(Repeats with no changes. The opinions expressed here are those
of the author, a columnist for Reuters)
By Andy Home
LONDON Feb 17 The recent history of the zinc
market has been one of reality trumping great expectations.
Everyone loves the zinc narrative of pending supply crunch.
It's just that it's been a long, long time coming with plenty of
false starts over the last few years.
Big mines such as Century in Australia and Lisheen in
Ireland have closed. The resulting tightening in the raw
materials segment of the supply chain has been accelerated by
Glencore's suspension of 500,000 tonnes of annual mine
But conspicuous by its absence has been any flow-through
impact on the refined metal market.
That, however, has just changed with Korea Zinc saying it
will cut refined zinc production by 7.7 percent, or around
50,000 tonnes, to 600,000 tonnes this year.
The company attributed its decision to tight supplies of
mined concentrate and the accompanying reduction in treatment
It is the first sign that raw materials shortfall is
translating into refined metal shortfall.
All that is missing for zinc bulls, of which there are many,
is for a tightening physical market to start impacting visible
stocks of metal. And particularly those sitting in London Metal
Exchange (LME) warehouses in New Orleans.
Outside of China mine supply of zinc fell by 10 percent last
year, according to the International Lead and Zinc Study Group
That sharp contraction followed four years of mild decline
or, at best, flattish growth.
That's how long zinc's bull story has been running but it's
only now that the accumulating pressures in the mined
concentrates part of the supply chain are working their way into
the refined metal market.
Slowing the transmission mechanism have been stocks of
concentrates, one of the last visible parts of the supply chain.
But quite evidently, if Korea Zinc had sufficient stocks, it
wouldn't be cutting production.
All eyes are now on China and its zinc smelters, which have
historically had to top up raw materials supply from domestic
mines with imports of concentrates.
Imports slumped by 38 percent last year to 2.0 million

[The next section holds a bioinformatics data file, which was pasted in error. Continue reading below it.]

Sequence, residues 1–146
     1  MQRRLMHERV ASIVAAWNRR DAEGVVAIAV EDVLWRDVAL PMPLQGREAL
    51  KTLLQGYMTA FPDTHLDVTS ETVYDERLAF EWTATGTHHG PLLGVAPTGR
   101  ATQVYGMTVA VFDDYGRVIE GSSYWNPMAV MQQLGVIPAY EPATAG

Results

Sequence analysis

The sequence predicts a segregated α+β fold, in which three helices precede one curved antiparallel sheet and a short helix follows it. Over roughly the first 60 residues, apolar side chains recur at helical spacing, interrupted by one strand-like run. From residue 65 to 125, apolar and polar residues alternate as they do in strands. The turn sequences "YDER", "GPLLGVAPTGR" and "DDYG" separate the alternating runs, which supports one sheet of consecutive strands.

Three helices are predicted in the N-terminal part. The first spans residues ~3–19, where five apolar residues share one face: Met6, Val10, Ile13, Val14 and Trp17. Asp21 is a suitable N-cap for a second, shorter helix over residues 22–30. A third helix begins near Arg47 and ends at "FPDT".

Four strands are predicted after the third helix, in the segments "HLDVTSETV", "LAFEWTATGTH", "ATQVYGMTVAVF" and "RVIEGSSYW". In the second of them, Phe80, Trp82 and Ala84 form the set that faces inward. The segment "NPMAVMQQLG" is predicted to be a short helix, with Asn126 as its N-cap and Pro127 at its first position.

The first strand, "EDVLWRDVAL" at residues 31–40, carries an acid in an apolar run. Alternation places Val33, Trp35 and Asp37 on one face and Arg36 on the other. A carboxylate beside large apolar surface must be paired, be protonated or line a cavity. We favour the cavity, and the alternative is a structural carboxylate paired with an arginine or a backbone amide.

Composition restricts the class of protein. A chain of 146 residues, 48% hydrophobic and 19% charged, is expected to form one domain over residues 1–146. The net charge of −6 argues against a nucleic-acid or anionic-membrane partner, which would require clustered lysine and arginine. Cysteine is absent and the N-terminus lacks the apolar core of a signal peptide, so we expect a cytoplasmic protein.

tonnes (bulk weight) from 3.2 million tonnes in 2015.
Chinese figures for mined zinc production are notoriously
problematic but falling treatment charges and
falling imports suggest supply stress is building there too.
Canadian producer Teck Resources suggested in the market
commentary section of its Q4 results that Chinese "stocks of
zinc concentrates were drawn down to critical levels last
The inference is that's it's only a matter of time before
Chinese producers follow Korea Zinc and are forced to curtail
run-rates due to raw materials tightness.
All this is pre-written in zinc's bull narrative. It's why
the galvanising metal was the best performer among the major
LME-traded metals last year and why it's up another nine percent
so far this year at a current $2,840 per tonne.
The missing part of the story so far is any sign of pressure
on visible stocks of metal.
LME zinc stocks currently stand at 390,850 tonnes. They are
a lot lower than they used to be. This time four years ago the
headline figure was over 1.2 million tonnes.
But the decline last year was a highly modest 35,000 tonnes
despite an assessment by ILZSG that the global refined zinc
market recorded a supply-demand deficit of 286,000 tonnes.
Filling the gap has been unreported inventory sitting
off-exchange, particularly in New Orleans.
The market got badly wrong-footed in both 2014 and 2015 by
stocks miraculously reappearing in the LME system at the U.S.
The metal had apparently been drawn down but not for
physical consumption. It had just been on a merry-go-round
between on- and off-market storage, any price signal being
obscured behind the smoke and mirrors of the financing trade,
predicated as it is on cheap storage.
The U.S. port still holds more LME zinc than any other
location, 346,125 tonnes or around 89 percent of the total.
And there is still a sense that there is more sitting in New
Orleans than is visible in the LME's daily stocks reports.
This month has seen 18,525 tonnes of zinc put onto warrant
at New Orleans in reaction to the flare-up of tightness on the
nearby LME spreads.
It's a relatively small tonnage by comparison with some of
the "arrivals" of the past, but it's a reminder that hidden zinc
stocks could yet affect the timing of the next chapter of this
market's expected development.
The exact size of any off-market stocks is impossible to
say. You only get to see them when availability is tested in the
form of a squeeze on the LME.
That's what happened earlier this month with cash metal
trading out to a premium of $16.25 per tonne over three-month
It doesn't sound a lot but it's the tightest the period has
been since May 2015. The reaction came in the form of those
deliveries onto LME warrant at New Orleans.
The zinc time-spreads on the LME have eased over the last
few days with the cash-to-threes period CMZN0-3 returning to
contango. It ended Thursday valued at $6.75 contango.
But physical availability for LME delivery is likely going
to be tested again.
As of the close of business Wednesday one entity held LME
warrant and cash positions accounting for between 80 and 90
percent of available tonnage.
Quite what the play is remains to be seen but the
cancellation of 8,800 tonnes of zinc at New Orleans yesterday
should serve as a warning flag.
Because New Orleans holds the key to LME stocks and LME
stocks hold the key to the next phase of zinc's accelerating
(Editing by David Evans)